New article: Few pregnant women seek health care in Gedeo in southern Ethiopia

Borde MT, Loha E, Johansson KA, Lindtjorn B (2019) Utilisation of health services fails to meet the needs of pregnancy-related illnesses in rural southern Ethiopia: A prospective cohort study. PLoS ONE 14(12): e0215195. https://doi.org/10.1371/journal.pone.0215195

Although maternal survival has improved in the last decades, evidence on illnesses and the use of health services during pregnancy remains scarce. Therefore, we aimed to assess the incidence and risk factors for illnesses among pregnant women and measure the use of health services. A prospective cohort study was conducted in three kebeles in rural southern Ethiopia among 794 pregnant women from May 2017 to July 2018. Each woman was followed every two weeks at home. Poisson and survival regression models were used for analysis. The incidence rate of episodes of illnesses was 93 per 100 pregnant-woman-weeks (95%CI: 90.6, 94.2), with an average of eight episodes of illnesses per woman. Anaemia accounted for 22% (177 of 794 women), and hypertension 3% (21 women of 794 women). However, utilization of health services for any illness episodes was only 8% (95%CI: 7.6%, 8.9%). The main reasons for not using health services were that the women thought the illness would heal by itself, women thought the illness was not serious, women could not afford to visit the health institutions, or women lacked confidence in the health institutions. The risk factors for illnesses are having many previous pregnancies in life time (ARR = 1.42; 95%CI = 1.02, 1.96), having history of stillbirth (ARR = 1.30; 95%CI = 1.03, 1.64), having history of abortion (AHR = 1.06; 95%CI = 1.02, 1.11), and walking more than 60 minutes to access the nearest hospital (AHR = 1.08; 95%CI = 1.03, 1.14). The risk factors for low use of health services are also having history of abortion (AHR = 2.50; 95%CI = 1.00, 6.01) and walking more than 60 minutes to access the nearest hospital (AHR = 1.91; 95%CI = 1.00, 3.63). Rural Ethiopian pregnant women experience a high burden of illness during pregnancy. Unfortunately, very few of these women utilize health services.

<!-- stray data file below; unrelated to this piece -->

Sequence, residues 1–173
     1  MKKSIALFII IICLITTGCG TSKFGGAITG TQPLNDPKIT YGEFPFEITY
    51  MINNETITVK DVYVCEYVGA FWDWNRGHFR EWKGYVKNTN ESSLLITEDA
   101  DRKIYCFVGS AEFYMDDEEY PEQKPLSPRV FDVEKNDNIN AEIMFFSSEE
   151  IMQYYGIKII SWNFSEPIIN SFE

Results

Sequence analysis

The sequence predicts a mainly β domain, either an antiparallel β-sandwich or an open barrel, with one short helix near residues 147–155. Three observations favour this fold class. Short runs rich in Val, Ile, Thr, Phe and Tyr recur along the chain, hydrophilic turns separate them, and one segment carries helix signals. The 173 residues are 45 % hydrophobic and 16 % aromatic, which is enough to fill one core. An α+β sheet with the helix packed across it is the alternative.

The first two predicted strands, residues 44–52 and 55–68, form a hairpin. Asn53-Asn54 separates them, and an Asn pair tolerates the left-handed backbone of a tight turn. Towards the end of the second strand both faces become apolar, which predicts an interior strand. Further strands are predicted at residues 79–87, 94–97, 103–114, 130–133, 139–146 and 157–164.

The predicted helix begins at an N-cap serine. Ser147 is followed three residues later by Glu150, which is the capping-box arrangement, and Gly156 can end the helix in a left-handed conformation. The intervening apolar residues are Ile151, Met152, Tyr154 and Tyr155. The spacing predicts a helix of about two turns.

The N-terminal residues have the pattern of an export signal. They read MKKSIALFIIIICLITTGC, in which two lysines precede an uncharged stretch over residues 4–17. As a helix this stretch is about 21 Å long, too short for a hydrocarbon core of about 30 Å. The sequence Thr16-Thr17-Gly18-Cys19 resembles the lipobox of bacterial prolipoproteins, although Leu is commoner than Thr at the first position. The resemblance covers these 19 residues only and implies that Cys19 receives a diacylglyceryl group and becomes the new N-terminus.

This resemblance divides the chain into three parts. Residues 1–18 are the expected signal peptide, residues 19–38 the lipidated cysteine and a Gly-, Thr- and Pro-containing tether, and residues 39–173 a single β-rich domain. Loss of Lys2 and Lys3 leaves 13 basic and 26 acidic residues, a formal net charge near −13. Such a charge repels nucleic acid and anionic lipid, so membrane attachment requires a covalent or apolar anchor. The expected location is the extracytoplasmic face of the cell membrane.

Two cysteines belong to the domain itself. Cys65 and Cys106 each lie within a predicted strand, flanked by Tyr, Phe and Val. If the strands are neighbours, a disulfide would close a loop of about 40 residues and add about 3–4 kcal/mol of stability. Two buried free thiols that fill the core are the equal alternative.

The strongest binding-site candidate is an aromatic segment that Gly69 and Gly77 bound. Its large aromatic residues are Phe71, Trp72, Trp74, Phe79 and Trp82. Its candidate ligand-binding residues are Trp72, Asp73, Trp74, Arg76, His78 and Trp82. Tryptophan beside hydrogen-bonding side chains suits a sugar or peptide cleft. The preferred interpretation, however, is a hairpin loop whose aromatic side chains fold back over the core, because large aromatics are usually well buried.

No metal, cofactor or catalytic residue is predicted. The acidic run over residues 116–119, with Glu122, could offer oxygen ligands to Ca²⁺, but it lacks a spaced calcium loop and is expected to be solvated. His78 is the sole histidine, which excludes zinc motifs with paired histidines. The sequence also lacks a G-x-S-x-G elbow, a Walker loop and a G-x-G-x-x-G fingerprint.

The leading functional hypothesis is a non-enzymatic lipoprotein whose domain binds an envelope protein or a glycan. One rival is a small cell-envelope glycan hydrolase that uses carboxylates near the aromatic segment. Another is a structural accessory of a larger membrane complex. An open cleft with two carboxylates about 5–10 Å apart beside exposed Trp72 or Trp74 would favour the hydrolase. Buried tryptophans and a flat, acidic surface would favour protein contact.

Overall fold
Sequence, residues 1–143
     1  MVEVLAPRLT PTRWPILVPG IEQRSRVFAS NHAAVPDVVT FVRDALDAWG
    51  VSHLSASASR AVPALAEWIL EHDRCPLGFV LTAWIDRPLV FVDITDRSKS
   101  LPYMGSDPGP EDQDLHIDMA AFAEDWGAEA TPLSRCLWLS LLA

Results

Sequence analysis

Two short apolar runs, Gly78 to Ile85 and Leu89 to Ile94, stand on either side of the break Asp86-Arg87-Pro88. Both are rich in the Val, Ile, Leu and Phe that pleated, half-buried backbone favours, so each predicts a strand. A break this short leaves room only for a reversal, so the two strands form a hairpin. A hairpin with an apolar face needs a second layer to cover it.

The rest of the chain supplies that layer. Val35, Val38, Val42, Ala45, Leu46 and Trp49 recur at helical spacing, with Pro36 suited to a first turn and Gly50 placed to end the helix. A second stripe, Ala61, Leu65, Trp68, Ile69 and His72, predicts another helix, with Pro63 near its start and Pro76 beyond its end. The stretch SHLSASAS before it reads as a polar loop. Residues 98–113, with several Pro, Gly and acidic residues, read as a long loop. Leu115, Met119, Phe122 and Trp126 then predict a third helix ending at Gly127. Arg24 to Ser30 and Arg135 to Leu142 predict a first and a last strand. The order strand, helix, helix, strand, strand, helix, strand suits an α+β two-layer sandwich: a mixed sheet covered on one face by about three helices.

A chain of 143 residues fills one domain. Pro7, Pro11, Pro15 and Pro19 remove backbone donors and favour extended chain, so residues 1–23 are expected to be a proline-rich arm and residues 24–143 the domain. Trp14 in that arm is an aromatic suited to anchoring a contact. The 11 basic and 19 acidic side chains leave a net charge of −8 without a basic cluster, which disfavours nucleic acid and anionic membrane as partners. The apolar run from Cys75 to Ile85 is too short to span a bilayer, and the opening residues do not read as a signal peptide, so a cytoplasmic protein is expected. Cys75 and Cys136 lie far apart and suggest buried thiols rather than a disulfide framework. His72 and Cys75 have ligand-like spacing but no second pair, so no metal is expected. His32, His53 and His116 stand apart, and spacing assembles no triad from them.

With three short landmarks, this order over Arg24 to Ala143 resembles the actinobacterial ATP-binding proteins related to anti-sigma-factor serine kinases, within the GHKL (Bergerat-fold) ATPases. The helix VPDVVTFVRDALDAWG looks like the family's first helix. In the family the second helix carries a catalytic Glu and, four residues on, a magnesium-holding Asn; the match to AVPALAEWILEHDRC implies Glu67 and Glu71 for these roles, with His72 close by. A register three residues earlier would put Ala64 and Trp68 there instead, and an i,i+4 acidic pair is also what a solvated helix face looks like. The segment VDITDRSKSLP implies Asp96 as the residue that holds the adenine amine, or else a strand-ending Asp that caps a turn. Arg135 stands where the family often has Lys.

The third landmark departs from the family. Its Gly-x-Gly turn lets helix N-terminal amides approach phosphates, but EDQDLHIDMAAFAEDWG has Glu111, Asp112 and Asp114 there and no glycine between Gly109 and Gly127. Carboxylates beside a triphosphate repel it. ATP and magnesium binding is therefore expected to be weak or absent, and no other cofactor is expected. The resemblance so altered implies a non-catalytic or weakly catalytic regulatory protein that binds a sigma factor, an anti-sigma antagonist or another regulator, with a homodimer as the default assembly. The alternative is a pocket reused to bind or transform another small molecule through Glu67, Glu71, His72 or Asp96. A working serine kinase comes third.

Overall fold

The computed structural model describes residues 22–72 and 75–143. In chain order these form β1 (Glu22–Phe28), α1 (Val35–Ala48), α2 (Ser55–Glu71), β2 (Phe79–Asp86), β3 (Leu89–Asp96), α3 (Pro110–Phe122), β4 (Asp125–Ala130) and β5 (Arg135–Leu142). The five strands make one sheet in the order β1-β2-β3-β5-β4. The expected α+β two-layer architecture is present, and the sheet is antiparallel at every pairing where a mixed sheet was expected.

Joint PhD degree programme recruiting students

Joint-PhDs are doctorates, which are done at two degree-awarding institutions. This doctorate means that you are fully registered in two universities, having to comply with admission requirements, and assessment regulations at both institutions, and it will result in one jointly awarded PhD (one diploma with the two university logos).

The other benefits for students are:

  • Access to complementary facilities and resources
  • Exposure to two cultural approaches to research
  • International student mobility
  • Enhanced acquisition of research and transferable skills, such as negotiation skills, use of videoconferencing, adaptability…
  • Better networking opportunities

Recently, Hawassa University and the University of Bergen agreed on such a joint PhD degree.

This programme is funded by The South Ethiopia Network of Universities in Public Health (SENUPH), and nine PhD students have been registered at the home institution which in this case is Hawassa University. The currently available financial support is for staff at Hawassa, Dilla and Wolaita Sodo universities. We plan to admit seven more students (four women and three men) in September 2016.

You can get more information about the admission requirements and about topics that this programme will prioritise by writing to Dr Eskindir Loha or to Professor Bernt Lindtjørn.

The structure of the joint PhD programme can bedgown loaded here (Joint PhD Curriculum_Sep 10).